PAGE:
Agricultural Leadership, Education & Communication Department


Date of this Version



Lorensen, M. (2014). Telling our service-learning story: Instructor perspectives on service-learning in the leadership classroom.


A DISSERTATION Presented to the Faculty of The Graduate College at the University of Nebraska In Partial Fulfillment of Requirements For the Degree of Doctor of Philosophy, Major: Human Sciences (Leadership Studies), Under the Supervision of Professor Gina S. Matkin. Lincoln, Nebraska: July, 2014

Copyright (c) 2014 Marianne Lorensen


This phenomenological study examined the experiences of ten college instructors who use service-learning in the undergraduate leadership classroom. Since leadership is often a service-learning outcome for students (Bringle & Hatcher, 1996; Eyler & Giles, 1999; Pascarella & Terenzini, 2005), service-learning is regarded by many instructors as an appropriate pedagogical approach in leadership classes (Rama, Ravenscroft, Wolcott, & Zlotkowski, 2000; Zlotkowski, 1996). Thus, the focus on instructors of undergraduate leadership courses. The current study employed a phenomenological approach in order to deeply explore instructor experiences. The goal of this exploration was that instructor experiences and the meaning they make from those experiences—their perspectives—will be better understood. The bulk of research on service-learning to date has focused on student outcomes and experiences (Eyler & Giles, 1999; Pascarella & Terenzini, 2005). The important role played by faculty is acknowledged but not well explored. Knowing that the decisions made by instructors about the use (or not) of service-learning and the way in which it is approached can impact student outcomes and experiences, it is important to better understand the experiences of instructors. Understanding instructor experiences with service-learning, and the meaning they make from those experiences, can shed light on the decisions instructors make about whether to use service-learning, what kinds of service-learning strategies to use, and what expectations they have for the outcomes of service-learning relative to their classes and students. Findings from this study indicate that the experiences of leadership educators relative to service learning are closely linked to their perspectives on leadership and to the experiences of their students. Ultimately, instructors who use service-learning to help students learn about leadership find that they themselves gain leadership experiences and their own ideas about leadership are impacted.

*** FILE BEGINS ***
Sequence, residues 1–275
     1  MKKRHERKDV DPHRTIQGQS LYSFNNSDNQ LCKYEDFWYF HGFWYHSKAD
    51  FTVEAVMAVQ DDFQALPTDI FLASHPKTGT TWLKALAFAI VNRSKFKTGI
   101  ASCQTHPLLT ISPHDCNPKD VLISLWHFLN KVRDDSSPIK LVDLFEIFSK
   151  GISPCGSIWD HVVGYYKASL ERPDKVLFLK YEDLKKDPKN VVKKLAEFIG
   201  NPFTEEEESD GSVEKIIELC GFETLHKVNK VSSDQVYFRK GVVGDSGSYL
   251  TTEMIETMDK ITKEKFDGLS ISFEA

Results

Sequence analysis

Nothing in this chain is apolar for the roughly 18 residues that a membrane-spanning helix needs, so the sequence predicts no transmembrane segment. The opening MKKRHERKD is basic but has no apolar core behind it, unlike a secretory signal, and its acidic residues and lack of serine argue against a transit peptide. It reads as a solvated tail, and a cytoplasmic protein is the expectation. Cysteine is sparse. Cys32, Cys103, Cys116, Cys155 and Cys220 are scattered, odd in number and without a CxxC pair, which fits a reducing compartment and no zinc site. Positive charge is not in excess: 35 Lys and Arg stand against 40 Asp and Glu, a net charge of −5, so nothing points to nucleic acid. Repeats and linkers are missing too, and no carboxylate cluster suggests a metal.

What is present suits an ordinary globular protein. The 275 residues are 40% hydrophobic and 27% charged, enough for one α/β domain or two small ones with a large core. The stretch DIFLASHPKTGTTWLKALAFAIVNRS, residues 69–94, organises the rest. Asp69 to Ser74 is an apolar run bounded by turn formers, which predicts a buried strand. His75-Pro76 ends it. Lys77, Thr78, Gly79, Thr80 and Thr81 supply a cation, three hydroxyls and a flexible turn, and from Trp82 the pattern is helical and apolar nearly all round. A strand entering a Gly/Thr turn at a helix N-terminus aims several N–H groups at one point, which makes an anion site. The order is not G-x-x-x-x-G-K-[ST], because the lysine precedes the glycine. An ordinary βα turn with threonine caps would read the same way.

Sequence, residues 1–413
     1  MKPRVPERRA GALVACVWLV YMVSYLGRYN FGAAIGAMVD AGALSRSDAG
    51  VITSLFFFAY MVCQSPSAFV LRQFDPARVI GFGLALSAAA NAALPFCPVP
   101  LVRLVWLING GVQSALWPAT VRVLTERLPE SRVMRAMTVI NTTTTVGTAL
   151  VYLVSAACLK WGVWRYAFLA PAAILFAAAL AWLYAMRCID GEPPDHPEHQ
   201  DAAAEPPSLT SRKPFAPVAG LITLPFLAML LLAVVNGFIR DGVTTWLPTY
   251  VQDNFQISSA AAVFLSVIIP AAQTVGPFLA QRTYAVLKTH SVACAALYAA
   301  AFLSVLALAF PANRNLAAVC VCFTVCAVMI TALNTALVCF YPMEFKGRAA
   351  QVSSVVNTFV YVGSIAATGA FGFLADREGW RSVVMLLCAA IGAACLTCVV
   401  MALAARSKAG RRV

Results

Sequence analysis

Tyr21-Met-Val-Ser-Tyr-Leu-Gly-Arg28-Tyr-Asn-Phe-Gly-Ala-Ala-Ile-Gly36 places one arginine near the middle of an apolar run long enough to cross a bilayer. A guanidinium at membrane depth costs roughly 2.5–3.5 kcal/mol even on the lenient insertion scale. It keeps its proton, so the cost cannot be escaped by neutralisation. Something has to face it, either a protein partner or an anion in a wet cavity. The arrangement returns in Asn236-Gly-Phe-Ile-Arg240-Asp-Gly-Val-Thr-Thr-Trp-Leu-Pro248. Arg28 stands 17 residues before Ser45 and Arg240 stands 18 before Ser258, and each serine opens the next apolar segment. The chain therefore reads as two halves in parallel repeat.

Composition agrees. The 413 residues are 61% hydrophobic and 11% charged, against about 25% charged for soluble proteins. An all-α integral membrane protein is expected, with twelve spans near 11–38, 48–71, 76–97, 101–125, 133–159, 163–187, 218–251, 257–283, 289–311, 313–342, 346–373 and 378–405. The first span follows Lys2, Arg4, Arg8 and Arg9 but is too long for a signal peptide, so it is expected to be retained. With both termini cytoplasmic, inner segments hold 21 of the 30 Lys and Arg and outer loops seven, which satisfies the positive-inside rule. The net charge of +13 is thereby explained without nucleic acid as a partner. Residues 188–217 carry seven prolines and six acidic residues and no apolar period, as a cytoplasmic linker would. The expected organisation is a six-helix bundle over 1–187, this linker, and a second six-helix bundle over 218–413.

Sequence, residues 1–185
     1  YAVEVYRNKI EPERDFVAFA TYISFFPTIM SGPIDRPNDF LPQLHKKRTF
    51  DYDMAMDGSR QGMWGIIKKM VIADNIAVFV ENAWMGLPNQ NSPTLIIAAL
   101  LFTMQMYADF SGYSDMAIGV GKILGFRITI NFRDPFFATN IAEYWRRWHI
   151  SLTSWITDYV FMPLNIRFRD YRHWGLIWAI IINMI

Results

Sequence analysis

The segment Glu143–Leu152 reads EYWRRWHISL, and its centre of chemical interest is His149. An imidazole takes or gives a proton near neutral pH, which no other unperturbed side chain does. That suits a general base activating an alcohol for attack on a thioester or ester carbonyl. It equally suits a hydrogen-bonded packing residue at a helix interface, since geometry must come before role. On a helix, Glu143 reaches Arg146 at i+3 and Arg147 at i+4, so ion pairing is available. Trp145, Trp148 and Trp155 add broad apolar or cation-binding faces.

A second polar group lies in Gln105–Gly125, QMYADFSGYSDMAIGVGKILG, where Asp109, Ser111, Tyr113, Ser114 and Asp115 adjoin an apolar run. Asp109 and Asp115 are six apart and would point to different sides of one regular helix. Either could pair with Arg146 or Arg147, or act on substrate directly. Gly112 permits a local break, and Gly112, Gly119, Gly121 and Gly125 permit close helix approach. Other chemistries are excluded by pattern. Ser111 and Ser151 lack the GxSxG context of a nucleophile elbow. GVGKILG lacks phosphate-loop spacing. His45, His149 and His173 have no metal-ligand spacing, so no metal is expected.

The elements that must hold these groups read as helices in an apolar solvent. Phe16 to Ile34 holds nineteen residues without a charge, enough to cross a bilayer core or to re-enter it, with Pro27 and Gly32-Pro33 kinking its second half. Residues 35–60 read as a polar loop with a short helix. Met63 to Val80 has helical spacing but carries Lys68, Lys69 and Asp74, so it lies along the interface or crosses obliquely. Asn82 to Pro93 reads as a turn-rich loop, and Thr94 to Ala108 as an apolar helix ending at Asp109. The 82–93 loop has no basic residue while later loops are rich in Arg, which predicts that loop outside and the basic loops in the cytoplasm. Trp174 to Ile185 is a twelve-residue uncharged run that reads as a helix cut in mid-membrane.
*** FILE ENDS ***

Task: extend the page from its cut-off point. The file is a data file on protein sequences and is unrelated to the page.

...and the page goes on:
Advisor: Gina S. Matkin